See MY FULL DISCLOSURE here about being a Mr Blue – a recipient of a generous 44c feed-in tariff.  Has this also had some effect in making me too lazy to pursue further reductions in energy usage around my home?

Perhaps an alternate interpretation is that these energy savings measures have also been installed by Mr Blue but that, buoyed by the cash-back he is receiving each quarter (and the assured knowledge that his energy bills will not keen increasing, unlike what Ms Green must fear) he is able to go out and buy more gadgets?


Some questions, then, for the Policy Designers:

Q1)  has the average electricity usage of solar PV consumers flatlined, as is implied in the above chart?

Q2)  If so, why have these households not continued to improve their energy efficiency at the same rate as the non-solar households?

Q3)  Is there some (technological, or other) limit to energy efficiency at home?

Q4)  What policy drivers could be put in place (if it was determined that this might be government policy – perhaps as a flow-on from the RET Review) to encourage the ongoing implementation of energy savings initiatives at home.


For those interested in reading further, see these earlier comments in relation to the current RET Review process…

About the Author

Paul McArdle
One of three founders of Global-Roam back in 2000, Paul has been CEO of the company since that time. As an author on WattClarity, Paul's focus has been to help make the electricity market more understandable.

7 Comments on "Behind all the buzz about Solar PV…"

  1. The justification for policies to encourage PV is to reduce CO2 emissions. Therefore, arguably the most important questions that need to be asked are:

    Q5) How much CO2 is being avoided per MWh of PV energy generated? (To work that out we need to know the amount of PV generated at about 10-15 minute intervals in the NEM and the amount of CO2 emitted by each fossil fuel generator unit – as is the case in Ireland, France and other EU countries)

    Q6) What is the CO2 abatement cost with PV? (To calculate this correctly all costs that should be attributed to having PV connected to the grid must be properly attributed to the various generators)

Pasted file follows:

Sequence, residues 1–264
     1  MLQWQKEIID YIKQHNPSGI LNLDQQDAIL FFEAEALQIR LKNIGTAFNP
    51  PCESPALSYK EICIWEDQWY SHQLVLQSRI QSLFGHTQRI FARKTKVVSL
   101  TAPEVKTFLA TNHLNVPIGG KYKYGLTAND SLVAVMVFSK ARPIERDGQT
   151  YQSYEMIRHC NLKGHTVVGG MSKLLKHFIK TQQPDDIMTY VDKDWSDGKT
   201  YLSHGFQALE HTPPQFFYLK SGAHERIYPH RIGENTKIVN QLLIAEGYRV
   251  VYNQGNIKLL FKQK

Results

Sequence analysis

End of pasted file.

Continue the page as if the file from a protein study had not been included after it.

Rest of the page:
2. Hi Paul,
    thanks again for another interesting article.
    Let me declare an interest: I have a 5Kw system and I am on the 44c rate for the rebate.

    The following is a series of ‘post project review’ comments on planning and installing panels, off topic I know but bear with me please.

    1. There are enough houses with panels on them now (is it in excess of 1 million?) that the roofing suppliers and the panel installers should be talking to each other about providing wind-rated fixtures so that panels can easily be installed at the optimum angle.

    2. Some installations of panels are just a plain eye-sore, not if’s or but’s allowed. Not only that, they are an inefficient eye-sore, from the generation point of view. The panels industry needs to step up and ensure that people get value for money from properly oriented and installed panels.

    3. Just as all diesel engines should run turbos, all domestic panels should be controlled at the micro inverter level, ie panel by panel, again so people get an output which approximates the nameplate figure. Large commercial panels don’t need this as much.

    4. People on the low Fit’s, 8c and the like, will really appreciate the storage systems which are not really far away, say 5 years max, with the feverish work that is going into improved storage. The widespread use of efficient storage will be another major upset for the generators and the retailers. Storage will certainly decrease the evening peak; it will depend on the efficiency of the storage as to whether the morning peak is flattened as well.

    5. The political response to domestic storage of electricity will be interesting to watch. With conservative governments in place in most jurisdictions, the response to rooftop panels has not demonstrated even an acknowledgement of the facts, let alone an enlightened approach in any sense. Hasn’t electricity reticulated from central generation been a political weapon/football over quite a number of decades? Now, in terms of metropolitan domestic generation, is it coming to an end? What will its death throes be like? To mix even more metaphors, is the ‘domestic panel generation’ tail is going to wag ‘large coal-powered generator’ dog?

    6. There was a beer ad where the blokes built a combined shed where their properties met, and made it a ‘man cave’. What if the boys decided to pool their beer money, get a solar system spread across part of each of their properties, and then each take some of the output. I wonder what (being a Brisbane resident with Energex the local ‘poles and wires’ authority) Energex would say about the boys wanting that connected to the grid?

    Whenever Mike Swanston from Energex contributes to this debate, he is always worth listening to. Thanks for this contribution, Mike.